Thursday, March 29, 2018
MY WAY: AN AUTOBIOGRAPHY PAUL ANKA
Seeing Anka in some low-budget films early in his career, I remembered how my sister had been a big fan of his, and recalled some of his early hits which he both wrote and performed ("Diana;" "Put Your Head On My Shoulder;" "Puppy Love"). My curiosity sparked, I decided to give Anka's memoir a try. Although he's hardly the most riveting figure, there was enough interesting material about the music industry back in the day, and how it's changed, to keep me reading -- at least at first. Aggressive and talented, the 15-year-old Canadian Lebanese teen successfully promoted himself into a career in New York and elsewhere. Anka writes how the "British Invasion" of the Beatles and others wiped out most of the other teen idols of the period, and Anka had to reinvent himself as a Las Vegas club act and write songs for singers other than himself (Sinatra's "My Way" is the most famous, although Anka only contributed lyrics to a French melody). The early sections of the book, in which Anka tells of interacting with performers he spent a lot of time with while on the road in buses and hotels, are more interesting than the rehashed stuff of the later chapters, in which Anka tries to make himself a mini-member of the Rat Pack. Frankly, the stories about Sinatra and the gang and all the mobsters simply seem recycled from other books. If we're to believe Anka, every famous person he encountered became a close friend. The most jaw-dropping moment occurs when Anka writes of ending his 38-year marriage to his first wife because "getting divorced from Anne was just something I had to do for myself." Huh! Quite a few pages later Anka writes how in his sixties he got involved with a much younger personal trainer whom he married and who apparently took him to the cleaners. While I wouldn't exactly call the book a "tell-all," there is some material about Sammy Davis Jr..'s bisexuality (already mentioned in more than one previous book) and an anecdote about Angie Dickinson giving her husband Burt Bacharach a blow job while she was driving in their car, something Dickinson probably didn't need to see in print. Lest you think this makes My Way a fascinating read, be advised that for much of its length the book is just tedious name-dropping. The material is so badly organized, jumping around in time and back and forth from subject to subject (such as Sinatra), that it's as if the co-author just took Anka's stream of consciousness ramblings and absolutely made no attempt to make them coherent. Things are repeated -- and even contradicted -- throughout the book. Despite this, the book received some startlingly good reviews, such as an embarrassing one from the Huffington Post. Anka clearly did not know Donald Trump would become president, or he would have played him up even more in the book.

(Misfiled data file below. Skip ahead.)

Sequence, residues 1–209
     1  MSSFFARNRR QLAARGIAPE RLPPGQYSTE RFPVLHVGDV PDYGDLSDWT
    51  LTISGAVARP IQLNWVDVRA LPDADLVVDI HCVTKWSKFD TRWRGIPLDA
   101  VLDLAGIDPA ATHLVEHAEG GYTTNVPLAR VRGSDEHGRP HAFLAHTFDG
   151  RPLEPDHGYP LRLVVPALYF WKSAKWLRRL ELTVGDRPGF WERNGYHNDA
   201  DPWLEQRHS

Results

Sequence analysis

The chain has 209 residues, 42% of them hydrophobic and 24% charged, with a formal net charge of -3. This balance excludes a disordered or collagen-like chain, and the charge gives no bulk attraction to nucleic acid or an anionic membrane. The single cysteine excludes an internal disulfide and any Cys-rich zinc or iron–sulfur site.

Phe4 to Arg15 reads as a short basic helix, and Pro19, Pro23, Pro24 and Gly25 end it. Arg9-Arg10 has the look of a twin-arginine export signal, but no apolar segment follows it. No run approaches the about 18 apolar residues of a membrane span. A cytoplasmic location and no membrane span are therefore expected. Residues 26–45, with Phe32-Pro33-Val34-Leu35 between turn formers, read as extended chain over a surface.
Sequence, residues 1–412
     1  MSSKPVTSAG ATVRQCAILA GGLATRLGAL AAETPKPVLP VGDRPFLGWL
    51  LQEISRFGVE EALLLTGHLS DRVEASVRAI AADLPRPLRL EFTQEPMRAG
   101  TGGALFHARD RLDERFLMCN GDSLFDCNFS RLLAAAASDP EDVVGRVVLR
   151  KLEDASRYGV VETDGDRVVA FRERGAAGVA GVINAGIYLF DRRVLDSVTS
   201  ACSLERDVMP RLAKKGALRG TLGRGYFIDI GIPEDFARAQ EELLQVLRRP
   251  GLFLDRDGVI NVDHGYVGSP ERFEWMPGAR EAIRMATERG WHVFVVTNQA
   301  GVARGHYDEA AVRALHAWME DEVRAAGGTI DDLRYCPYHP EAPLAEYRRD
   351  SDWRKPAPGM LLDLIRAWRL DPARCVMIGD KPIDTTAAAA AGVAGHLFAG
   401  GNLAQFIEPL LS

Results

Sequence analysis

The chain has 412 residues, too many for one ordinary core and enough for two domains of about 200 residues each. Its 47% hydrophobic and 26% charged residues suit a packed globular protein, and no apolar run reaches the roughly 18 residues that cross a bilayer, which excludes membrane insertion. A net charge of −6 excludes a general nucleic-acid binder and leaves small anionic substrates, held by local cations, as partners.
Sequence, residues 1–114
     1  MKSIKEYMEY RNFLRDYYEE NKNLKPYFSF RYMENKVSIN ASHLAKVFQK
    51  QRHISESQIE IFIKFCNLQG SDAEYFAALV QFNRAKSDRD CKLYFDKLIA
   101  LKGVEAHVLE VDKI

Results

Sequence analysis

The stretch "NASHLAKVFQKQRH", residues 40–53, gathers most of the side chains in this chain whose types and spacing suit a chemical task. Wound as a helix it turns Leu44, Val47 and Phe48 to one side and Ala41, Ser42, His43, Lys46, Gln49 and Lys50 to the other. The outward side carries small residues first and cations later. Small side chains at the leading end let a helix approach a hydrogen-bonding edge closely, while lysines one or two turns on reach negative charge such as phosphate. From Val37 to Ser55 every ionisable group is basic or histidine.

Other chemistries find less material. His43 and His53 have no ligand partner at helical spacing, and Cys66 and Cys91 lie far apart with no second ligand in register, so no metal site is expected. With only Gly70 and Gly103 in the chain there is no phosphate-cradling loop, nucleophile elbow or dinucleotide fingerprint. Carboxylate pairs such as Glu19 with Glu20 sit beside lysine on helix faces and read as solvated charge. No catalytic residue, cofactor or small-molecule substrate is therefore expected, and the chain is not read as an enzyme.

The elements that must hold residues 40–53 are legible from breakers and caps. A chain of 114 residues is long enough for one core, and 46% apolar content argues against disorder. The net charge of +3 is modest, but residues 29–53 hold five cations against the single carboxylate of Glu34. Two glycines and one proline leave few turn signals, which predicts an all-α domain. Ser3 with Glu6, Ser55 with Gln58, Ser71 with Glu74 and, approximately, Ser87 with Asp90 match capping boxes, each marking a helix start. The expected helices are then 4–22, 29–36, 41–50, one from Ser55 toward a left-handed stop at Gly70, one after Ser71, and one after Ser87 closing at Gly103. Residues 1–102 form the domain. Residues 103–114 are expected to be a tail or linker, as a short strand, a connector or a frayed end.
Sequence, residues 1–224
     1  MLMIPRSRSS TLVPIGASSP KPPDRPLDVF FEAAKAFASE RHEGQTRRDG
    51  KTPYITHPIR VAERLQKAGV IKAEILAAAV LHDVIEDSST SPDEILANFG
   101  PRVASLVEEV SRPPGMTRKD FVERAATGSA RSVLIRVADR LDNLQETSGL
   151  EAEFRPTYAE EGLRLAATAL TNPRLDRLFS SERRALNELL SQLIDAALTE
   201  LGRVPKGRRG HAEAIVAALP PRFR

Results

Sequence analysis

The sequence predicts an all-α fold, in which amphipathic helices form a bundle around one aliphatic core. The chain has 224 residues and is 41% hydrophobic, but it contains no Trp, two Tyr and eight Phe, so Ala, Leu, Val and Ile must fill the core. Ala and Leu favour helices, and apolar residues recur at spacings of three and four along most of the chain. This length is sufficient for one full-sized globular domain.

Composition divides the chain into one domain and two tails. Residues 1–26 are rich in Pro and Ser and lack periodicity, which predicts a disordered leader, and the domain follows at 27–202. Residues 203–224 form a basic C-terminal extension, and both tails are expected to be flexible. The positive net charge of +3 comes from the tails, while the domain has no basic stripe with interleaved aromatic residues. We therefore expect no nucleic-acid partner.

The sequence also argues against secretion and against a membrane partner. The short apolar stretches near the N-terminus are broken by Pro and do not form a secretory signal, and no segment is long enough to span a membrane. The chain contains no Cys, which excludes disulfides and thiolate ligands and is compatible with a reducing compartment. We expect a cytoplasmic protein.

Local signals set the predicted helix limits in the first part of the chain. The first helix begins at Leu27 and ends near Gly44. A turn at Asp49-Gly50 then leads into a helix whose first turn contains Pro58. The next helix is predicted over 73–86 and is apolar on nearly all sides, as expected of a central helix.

Verdict: Some people should not write their life stories. **.